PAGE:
- One Isaac Asimov story has as a major plot point that after a robot almost kills a human by accident (it gave him poisoned tea without realizing it was poisoned), its speech center is nearly fried by the Three Laws violation, and it has a noticeable lisp and stammer. This is a clue as to how a murder was committed early on, leaving only the body and a broken robot ( the murderer ordered a robot to detach its arm and give it to a woman while she was arguing with her husband. Finding herself in possession of a blunt weapon, and agitated enough to use it, the woman bashed her husband's head in - the robot, realizing part of it had just killed a human, shorted out).
- In Max Barry's Machine Man, this is an indication that Dr. Charles Neumann's humanity is slipping away. Once he becomes a Man in the Machine, he gasps for every syllable of speech. As a Brain in a Jar, he loses punctuation and inflection altogether.
- In Stephen King's final The Dark Tower novel, Roland and his crew encounter a housekeeping robot called Nigel. They see Nigel a few times, and he starts speaking nonsense (counting in Japanese and German for example) indicating he is under extreme stress from Mordred commanding him as well as Susannah shooting out his eyes. Eventually, Nigel malfunctions completely and shorts out.
Live Action TV
- In Janelle Monáe's "Many Moons" she stutters, Max-Headroom-style, in character as an android.
- One FoxTrot strip shows a toy robot declaring "I AM THE MIGHTY VOLTAR!" several times, its speech dragging down then going back to normal repeatedly. The joke being that the toy's batteries die fast, and Jason has been taking batteries out of the ones that his dad stockpiled for Y2K to restart it.
- Doonesbury in the late eighties had Ron Headrest, a cross between Max Headroom and Ronald Reagan, complete with Headroom-esque stutter.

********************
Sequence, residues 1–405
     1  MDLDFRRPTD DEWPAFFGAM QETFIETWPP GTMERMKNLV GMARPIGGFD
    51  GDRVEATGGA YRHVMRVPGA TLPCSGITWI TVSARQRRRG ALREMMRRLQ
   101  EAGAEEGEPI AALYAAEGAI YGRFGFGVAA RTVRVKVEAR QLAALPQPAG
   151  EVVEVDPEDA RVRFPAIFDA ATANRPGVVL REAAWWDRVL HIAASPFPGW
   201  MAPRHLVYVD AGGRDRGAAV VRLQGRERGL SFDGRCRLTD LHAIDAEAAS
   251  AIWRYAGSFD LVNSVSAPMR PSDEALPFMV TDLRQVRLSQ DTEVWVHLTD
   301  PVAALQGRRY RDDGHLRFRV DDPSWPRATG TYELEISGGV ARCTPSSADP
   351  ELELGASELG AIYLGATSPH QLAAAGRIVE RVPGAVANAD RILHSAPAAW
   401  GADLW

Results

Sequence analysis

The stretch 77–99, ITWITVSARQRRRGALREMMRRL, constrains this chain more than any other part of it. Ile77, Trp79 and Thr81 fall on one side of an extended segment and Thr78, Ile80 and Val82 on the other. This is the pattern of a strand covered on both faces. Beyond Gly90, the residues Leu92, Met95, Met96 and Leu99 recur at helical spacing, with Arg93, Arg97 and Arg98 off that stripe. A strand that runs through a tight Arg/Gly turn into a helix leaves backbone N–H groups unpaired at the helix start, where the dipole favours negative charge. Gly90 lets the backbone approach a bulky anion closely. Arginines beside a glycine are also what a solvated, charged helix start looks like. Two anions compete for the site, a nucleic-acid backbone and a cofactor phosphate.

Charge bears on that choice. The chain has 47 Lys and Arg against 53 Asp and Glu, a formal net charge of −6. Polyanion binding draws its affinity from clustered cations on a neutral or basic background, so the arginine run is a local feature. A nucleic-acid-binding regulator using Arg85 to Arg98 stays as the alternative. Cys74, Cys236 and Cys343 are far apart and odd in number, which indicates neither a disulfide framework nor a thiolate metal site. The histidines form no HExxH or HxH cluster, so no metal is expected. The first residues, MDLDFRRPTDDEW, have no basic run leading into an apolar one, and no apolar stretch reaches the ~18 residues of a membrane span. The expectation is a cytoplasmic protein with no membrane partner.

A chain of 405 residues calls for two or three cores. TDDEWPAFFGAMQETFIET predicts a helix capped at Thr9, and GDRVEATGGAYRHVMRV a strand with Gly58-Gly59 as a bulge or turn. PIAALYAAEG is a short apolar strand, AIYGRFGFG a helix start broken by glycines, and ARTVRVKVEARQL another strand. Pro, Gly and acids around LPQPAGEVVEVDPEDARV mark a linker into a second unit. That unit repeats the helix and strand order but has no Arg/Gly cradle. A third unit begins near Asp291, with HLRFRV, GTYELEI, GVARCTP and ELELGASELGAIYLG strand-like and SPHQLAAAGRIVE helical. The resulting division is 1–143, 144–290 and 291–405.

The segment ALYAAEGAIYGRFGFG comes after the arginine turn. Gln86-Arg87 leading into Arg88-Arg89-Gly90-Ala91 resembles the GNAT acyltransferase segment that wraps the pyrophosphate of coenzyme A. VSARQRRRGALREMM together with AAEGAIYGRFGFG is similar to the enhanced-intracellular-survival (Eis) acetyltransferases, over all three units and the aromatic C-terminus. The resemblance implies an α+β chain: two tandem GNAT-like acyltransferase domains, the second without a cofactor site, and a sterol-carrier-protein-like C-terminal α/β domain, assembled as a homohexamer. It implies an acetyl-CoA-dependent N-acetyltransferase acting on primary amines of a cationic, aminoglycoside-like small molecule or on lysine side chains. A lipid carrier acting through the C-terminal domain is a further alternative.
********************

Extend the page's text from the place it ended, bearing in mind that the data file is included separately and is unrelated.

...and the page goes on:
- In the board game The Omega Virus, the eponymous antagonist's voice would sometimes slow down or speed up, implying that its takeover of the station's computer wasn't quite perfect. Kill the virus, and its voice gradually slows down until it becomes a burst of incomprehensible noise.
- All the AI characters in Achron exhibit this when damaged or in pain, but Echo, an AI core found in some ancient alien ruins, does it all the time.
- When SHODAN of System Shock starts getting delusions of godhood thanks to the removal of her coding for ethical restraint, her voice becomes very distorted and broken (this was deliberately designed by the game's developers to mimic a malfunctioning sound card) SHODAN is pretty much the defining video game example of this trope and is as creepy as hell.
- In Unreal, the Vortex Rikers computer, illustrating just how bad that crash was.
Multiple security breaches detected.
You have ENtered a restricted area.
"A cross <fzzt> radiation leak has been deTEC-tec-tec-tec-tec-etected in areas C and D."
- The voice of GLaDOS in Portal speeds up so much it is completely undecipherable on her death. Throughout the game she occasionally stutters or dissolves into static, usually just before revealing pertinent information.
- Valve in general love this trope. In the original Half-Life and the expansion packs, damaged retinal scanners have garbled speech. In Opposing Force, the voice of the automated transit system, which is otherwise functional enough for Adrian to ride it to the next area, randomly speeds up and slows down.
- All robots in Fallout 3 slur slightly when killed.
- Deputy Weld's speech ability is badly damaged if you destroy Megaton, leaving him as just a face plate
- In the final level of Command & Conquer: Renegade, the main computer of the Temple of Nod starts to say some completely random phrases due to being damaged by the ion cannon: "Intruder alert! Alert cancelled. Intruder alert! Intruder cancelled. All intruders please report to the detention center for debriefing!"